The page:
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Finding a cure for Ebola with a digital chemist

New partnership to use supercomputer to find Ebola treatments
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A supercomputer. COURTESY OF PACIFIC NORTHWEST NATIONAL LIBRARY/FLICKR BY CC
A supercomputer. COURTESY OF PACIFIC NORTHWEST NATIONAL LIBRARY/FLICKR BY CC

The University of Toronto, Chematria, a U of T-based startup­, and IBM recently announced a new partnership for finding potential cures for the Ebola virus using a computer modelling system.

First recognized in 1976, the Ebola virus has remained a mystery despite continuous research effort to battle the virus. Since March 2014, the virus has become widespread in several West African countries, affecting more than 15,000 people with a fatality rate of 36 per cent. The transmission rate has reached an alarming level, yet an effective treatment still eludes us. Moreover, the speed at which treatment and vaccine research is going may not be fast enough.

However, this new partnership may just be the boost we need in this race.

Armed with an IBM 64,000-CPU blue gene/Q, the most powerful computer in Canada, the research partnership will use artificial intelligence technology to predict the functions of new drugs without any physical laboratory testing. The technology is based on deep learning neural networks.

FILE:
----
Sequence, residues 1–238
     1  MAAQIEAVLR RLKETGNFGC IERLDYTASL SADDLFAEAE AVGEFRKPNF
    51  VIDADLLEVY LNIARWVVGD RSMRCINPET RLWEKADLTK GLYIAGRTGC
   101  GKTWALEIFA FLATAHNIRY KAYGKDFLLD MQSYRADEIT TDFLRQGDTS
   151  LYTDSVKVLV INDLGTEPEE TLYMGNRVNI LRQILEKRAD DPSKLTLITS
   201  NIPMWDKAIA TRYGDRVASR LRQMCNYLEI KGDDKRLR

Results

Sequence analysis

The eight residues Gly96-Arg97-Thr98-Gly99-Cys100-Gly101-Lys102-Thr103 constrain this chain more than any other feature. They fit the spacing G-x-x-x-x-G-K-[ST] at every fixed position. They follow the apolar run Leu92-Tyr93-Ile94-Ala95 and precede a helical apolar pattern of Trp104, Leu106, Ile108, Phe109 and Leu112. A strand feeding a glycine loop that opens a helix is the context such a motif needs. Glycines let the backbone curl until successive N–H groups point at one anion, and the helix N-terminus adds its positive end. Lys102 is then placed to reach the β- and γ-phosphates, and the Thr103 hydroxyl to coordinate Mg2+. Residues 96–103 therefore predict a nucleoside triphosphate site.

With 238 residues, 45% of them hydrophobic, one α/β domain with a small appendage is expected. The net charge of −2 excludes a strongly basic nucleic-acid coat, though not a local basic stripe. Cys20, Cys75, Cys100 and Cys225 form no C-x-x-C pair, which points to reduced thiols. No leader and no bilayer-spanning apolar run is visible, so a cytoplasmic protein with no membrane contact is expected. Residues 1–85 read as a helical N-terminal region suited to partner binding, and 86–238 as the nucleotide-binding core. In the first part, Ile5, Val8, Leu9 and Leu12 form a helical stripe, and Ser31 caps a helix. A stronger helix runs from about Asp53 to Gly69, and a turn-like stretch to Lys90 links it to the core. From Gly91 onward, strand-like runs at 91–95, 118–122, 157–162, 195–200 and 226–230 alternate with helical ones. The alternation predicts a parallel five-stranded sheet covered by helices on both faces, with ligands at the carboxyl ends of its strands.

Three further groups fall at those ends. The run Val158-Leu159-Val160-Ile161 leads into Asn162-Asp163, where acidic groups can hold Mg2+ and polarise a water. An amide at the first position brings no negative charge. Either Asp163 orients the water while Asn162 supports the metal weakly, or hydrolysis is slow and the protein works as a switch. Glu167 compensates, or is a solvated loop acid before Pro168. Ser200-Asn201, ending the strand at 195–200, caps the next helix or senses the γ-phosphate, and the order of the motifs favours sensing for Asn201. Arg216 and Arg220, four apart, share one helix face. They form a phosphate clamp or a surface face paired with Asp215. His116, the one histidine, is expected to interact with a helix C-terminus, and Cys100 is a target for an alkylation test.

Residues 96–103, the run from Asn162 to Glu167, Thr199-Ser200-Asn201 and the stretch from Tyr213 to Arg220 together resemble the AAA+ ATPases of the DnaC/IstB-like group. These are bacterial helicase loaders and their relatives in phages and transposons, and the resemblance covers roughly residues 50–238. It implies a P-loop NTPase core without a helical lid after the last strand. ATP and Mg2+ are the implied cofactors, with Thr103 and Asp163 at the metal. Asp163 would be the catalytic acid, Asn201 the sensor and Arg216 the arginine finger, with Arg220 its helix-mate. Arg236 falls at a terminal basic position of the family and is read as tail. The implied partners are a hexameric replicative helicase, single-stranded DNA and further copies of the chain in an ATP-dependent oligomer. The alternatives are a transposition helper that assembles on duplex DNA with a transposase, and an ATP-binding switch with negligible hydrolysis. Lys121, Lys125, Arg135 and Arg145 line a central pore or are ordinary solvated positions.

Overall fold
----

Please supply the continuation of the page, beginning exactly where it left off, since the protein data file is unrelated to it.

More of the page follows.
“[It] uses machine learning approaches inspired by the human brain,” explains Dr. Abraham Heifets, Chematria co-founder and CEO. He adds, “Some of the structures which they use in some of the inspirations for those approaches look very much like some of the behaviours of the mammalian visual cortex.”

In a sense, the program can “think” like a human chemist and work in a virtual lab.

This technology has shown promise before in other research. Chematria has used this virtual platform to find new uses for existing drugs for Malaria treatments.

Heifets believes that this method provides significant advantages. “We are beginning by looking at drugs that have already been approved,” he says, adding, “This is good for Ebola because we are starting with approved drugs. We can move much faster and expedite some of the safety work.”

If this method succeeds, it has the pontential to transform the pharmacology industry and clinical research. “There are far more experiments you could run than you’re able to run,” says Heifets adding, “You have to prioritize which experiments you get to do… You always have to make judicious choices [although] this platform can significantly shorten research time while allowing more experiments.”